Article 40 item (3) of the Labour Contract Law provides that where the objective circumstances, relied on which an employment contract was concluded, changed so materially that the continued performance of the employment contract becomes impossible, and, after consultation, the employer and the employee failed to reach an agreement on the amendment of the employment contract, the employer may unilaterally terminate the employment contract.
According to this article, employers’ termination for ‘material change in objective circumstances’ is subject to the conditions that the continued performance of the employment contract was made impossible by the material change in objective circumstances and the employer and the employee failed to reach an agreement on the amendment of the employment contract after consultation.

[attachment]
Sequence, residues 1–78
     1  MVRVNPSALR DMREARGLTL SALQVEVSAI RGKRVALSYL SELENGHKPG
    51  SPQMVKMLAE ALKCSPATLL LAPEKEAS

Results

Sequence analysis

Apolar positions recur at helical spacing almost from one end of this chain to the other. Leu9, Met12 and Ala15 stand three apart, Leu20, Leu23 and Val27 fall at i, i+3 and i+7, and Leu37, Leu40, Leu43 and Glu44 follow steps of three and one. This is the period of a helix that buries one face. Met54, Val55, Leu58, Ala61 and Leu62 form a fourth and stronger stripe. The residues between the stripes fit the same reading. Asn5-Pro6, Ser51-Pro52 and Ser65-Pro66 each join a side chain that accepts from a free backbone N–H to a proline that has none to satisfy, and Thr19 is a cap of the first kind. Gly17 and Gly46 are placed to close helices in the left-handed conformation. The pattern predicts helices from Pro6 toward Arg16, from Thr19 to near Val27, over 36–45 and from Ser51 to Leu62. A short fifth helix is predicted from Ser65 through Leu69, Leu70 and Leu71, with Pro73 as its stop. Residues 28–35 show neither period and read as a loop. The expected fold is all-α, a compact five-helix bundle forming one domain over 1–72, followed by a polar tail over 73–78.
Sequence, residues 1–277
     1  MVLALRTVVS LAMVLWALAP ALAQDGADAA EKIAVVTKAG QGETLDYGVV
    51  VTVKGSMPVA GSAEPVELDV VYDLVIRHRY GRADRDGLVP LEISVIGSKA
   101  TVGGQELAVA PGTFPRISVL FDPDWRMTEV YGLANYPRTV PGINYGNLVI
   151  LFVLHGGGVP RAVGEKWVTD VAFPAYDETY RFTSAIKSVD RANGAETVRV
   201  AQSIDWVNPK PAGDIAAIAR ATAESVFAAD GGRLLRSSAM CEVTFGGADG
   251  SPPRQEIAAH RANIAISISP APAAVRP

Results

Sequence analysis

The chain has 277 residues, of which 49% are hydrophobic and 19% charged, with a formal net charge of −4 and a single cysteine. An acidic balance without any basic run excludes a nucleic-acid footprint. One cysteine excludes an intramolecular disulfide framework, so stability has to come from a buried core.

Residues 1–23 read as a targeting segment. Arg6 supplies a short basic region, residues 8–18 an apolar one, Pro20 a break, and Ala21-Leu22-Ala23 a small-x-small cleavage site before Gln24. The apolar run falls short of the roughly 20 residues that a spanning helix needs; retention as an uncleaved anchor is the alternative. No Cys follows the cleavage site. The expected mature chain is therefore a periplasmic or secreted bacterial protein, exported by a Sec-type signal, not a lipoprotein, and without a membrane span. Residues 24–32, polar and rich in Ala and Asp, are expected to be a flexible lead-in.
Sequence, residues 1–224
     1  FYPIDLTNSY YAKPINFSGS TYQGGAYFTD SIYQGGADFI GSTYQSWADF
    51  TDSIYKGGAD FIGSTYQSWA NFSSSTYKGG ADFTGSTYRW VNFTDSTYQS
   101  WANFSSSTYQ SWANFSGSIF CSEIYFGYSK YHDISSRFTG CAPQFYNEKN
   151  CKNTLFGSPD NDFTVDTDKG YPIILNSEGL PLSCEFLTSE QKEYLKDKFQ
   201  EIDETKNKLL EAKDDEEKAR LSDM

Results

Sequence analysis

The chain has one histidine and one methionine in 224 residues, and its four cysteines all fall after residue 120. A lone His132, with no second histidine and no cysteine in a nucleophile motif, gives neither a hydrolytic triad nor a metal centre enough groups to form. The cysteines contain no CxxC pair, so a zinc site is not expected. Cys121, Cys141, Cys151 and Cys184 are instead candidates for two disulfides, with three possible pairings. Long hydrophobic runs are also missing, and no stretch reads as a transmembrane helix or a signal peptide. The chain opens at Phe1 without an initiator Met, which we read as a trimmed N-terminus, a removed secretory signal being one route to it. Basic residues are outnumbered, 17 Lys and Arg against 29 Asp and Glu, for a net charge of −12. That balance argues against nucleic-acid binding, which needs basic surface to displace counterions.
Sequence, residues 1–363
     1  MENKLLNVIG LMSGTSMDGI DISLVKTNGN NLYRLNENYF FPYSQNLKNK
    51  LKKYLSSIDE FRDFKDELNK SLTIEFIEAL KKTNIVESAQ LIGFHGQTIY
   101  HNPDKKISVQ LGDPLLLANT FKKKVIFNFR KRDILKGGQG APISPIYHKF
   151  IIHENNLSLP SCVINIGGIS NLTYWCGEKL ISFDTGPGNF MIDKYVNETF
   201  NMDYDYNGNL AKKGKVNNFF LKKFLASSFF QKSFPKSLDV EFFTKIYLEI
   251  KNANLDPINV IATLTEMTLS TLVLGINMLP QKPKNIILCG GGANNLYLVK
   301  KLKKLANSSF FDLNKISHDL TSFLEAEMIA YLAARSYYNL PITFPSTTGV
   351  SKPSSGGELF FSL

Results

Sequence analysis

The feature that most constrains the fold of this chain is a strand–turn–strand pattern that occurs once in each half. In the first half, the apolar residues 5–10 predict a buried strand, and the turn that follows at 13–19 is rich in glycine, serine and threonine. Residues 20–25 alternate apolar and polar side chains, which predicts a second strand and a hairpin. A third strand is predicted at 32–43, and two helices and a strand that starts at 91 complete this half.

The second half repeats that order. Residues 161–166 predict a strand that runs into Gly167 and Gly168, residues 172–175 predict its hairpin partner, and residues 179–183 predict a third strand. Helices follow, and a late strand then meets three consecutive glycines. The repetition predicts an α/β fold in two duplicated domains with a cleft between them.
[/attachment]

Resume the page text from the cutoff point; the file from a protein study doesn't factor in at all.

If the above conditions are met, the employer may unilaterally terminate the employment contract through a 30-day’s prior notice to the employee and should pay the employee compensation for termination according to the law. Failing to send the 30-day’s prior notice to the employee, the employer has to pay the employee an additional month’s salary in lieu of the notice.
Any examples for ‘material change in objective circumstances’?
The Labour Contract Law doesn’t define ‘material change in objective circumstances’. According to the Explanation on Certain Clauses of the Labour Law released by the former Ministry of Labour, ‘objective circumstances’ should refer to force majeure events or other situation which makes the performance of all or any part of an employment contract impossible, such as relocation, merger, and assets transfer, excluding the objective circumstances where mass layoff under article 41 of the Labour Contract Law should apply.